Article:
Stephen Joseph Theatre to re-open in August but with films and streamings first

The Stephen Joseph Theatre announces its imminent re-opening on its Art Deco frontage

SCARBOROUGH’S Stephen Joseph Theatre will re-open on August 20 but for films and streamings only.

The wait for the return of theatre performances must go on, although the SJT statement does tantalise by saying: “The world-famous theatre is also aiming to announce a programme of live theatre for later in the year shortly.”

The first focus will be on films, including new releases and the streaming of West End shows “captured live”, shown upstairs in The McCarthy.

The SJT is introducing a comprehensive programme of measures for the safety and comfort of cinema patrons, such as limited capacities and aisle access for every pair of seats booked. You can find out more at: sjt.uk.com/were_back.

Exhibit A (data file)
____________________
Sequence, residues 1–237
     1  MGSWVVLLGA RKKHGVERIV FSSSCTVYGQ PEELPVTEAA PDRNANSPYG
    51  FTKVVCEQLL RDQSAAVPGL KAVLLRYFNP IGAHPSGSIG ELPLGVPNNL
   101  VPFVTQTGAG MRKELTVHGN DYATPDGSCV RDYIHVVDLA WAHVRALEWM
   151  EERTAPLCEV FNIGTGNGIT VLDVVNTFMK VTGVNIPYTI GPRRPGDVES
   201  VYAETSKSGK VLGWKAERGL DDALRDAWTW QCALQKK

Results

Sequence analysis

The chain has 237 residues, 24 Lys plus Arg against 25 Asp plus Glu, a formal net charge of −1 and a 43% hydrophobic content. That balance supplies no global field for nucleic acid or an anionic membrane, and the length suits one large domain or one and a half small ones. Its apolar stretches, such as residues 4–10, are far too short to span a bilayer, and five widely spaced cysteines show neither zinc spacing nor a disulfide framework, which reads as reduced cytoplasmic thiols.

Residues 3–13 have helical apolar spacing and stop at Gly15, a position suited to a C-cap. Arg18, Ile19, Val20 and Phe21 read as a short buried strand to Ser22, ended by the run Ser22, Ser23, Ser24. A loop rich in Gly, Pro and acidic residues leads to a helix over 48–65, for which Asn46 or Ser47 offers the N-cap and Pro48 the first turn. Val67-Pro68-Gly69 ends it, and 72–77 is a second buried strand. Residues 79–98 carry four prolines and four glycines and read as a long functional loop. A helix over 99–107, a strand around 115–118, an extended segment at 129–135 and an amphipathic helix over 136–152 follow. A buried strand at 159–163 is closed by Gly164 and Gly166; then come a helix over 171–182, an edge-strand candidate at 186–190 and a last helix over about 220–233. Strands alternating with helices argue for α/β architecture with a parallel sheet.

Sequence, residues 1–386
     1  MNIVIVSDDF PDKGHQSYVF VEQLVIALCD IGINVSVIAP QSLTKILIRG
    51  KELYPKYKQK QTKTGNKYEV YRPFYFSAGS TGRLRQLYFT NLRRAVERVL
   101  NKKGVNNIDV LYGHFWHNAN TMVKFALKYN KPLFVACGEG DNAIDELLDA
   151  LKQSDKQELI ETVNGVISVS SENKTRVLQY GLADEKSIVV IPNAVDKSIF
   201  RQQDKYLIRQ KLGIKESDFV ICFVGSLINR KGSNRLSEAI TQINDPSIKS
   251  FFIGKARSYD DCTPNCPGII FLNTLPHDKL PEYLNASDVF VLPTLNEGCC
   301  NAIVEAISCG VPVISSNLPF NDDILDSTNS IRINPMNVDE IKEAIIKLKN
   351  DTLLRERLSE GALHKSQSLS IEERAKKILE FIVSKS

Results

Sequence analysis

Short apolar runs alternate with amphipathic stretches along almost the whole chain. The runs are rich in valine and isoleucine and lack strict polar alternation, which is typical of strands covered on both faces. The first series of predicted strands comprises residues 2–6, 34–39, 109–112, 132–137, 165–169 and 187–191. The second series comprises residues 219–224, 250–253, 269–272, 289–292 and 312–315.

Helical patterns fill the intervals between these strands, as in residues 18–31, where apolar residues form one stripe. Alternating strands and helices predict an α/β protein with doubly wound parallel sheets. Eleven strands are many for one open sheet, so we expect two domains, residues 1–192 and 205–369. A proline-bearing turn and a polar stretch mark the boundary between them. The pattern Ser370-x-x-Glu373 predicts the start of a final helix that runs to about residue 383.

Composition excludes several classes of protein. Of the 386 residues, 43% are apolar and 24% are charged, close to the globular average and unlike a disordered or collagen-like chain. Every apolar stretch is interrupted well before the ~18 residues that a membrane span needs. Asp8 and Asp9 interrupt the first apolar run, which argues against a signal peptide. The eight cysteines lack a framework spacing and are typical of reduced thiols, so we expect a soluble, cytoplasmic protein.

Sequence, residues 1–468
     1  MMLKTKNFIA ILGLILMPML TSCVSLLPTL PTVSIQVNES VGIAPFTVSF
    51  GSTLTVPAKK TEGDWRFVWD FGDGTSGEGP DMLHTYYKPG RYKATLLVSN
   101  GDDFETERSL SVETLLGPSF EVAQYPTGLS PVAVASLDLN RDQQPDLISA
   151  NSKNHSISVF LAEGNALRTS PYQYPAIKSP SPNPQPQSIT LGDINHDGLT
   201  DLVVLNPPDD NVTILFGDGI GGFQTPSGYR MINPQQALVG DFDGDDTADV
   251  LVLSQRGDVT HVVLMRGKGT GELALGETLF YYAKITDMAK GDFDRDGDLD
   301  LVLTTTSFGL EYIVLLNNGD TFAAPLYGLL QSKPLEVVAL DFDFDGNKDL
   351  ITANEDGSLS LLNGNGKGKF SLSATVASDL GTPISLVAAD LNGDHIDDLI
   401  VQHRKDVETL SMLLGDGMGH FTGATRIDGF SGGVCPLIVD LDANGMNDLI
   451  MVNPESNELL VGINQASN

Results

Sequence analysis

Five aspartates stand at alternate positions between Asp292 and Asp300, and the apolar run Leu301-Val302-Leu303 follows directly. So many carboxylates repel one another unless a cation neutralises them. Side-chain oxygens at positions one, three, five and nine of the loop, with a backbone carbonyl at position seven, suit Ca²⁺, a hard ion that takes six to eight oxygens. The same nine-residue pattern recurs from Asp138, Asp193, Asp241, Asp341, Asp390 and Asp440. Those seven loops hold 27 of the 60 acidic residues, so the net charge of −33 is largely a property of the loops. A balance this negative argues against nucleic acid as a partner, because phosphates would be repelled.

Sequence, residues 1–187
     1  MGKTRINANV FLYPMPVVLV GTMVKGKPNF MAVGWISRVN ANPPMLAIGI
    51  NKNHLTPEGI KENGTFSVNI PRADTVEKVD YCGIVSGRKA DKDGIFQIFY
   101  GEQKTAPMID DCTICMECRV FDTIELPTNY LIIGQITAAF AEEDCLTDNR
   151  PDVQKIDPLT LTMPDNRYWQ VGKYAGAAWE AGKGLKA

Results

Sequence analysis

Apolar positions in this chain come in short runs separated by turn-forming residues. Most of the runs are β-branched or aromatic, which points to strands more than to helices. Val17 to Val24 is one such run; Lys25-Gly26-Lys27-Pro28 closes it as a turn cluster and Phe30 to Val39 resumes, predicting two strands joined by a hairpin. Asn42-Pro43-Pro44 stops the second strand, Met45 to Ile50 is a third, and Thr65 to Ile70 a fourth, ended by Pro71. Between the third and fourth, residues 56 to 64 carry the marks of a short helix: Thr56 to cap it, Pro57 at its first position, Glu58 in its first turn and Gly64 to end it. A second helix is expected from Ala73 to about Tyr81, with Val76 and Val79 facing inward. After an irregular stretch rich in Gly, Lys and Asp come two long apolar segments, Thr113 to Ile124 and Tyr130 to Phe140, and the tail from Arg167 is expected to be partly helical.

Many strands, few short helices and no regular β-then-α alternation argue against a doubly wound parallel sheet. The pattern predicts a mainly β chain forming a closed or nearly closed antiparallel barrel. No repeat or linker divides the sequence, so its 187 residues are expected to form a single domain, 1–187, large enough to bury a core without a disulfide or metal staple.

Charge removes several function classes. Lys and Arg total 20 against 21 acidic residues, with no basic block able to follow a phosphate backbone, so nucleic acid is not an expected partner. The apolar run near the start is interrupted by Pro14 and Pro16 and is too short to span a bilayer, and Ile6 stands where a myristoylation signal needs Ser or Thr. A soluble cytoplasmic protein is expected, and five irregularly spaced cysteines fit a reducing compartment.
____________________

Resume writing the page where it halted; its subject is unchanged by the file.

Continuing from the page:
The SJT has been awarded VisitEngland’s We’re Good To Go industry standard mark, signifying its adherence to government and public health guidance. 

“We’re all absolutely thrilled to be able to welcome audiences back into the building,” says SJT artistic director Paul Robinson. Picture: Richard Davenport

Artistic director Paul Robinson says: “We’re all absolutely thrilled to be able to welcome audiences back into the building after our enforced break, and we’re working hard to ensure everyone feels safe and comfortable in the cinema environment. 

“We’ll be announcing further screenings for September very soon and are also working hard to programme an innovative and exciting programme of live theatre for later this year – watch this space!” 

Films and streamings from August onwards initially will be screened on Thursdays to Saturdays, then Tuesdays to Saturdays – with a few exceptions – from early September.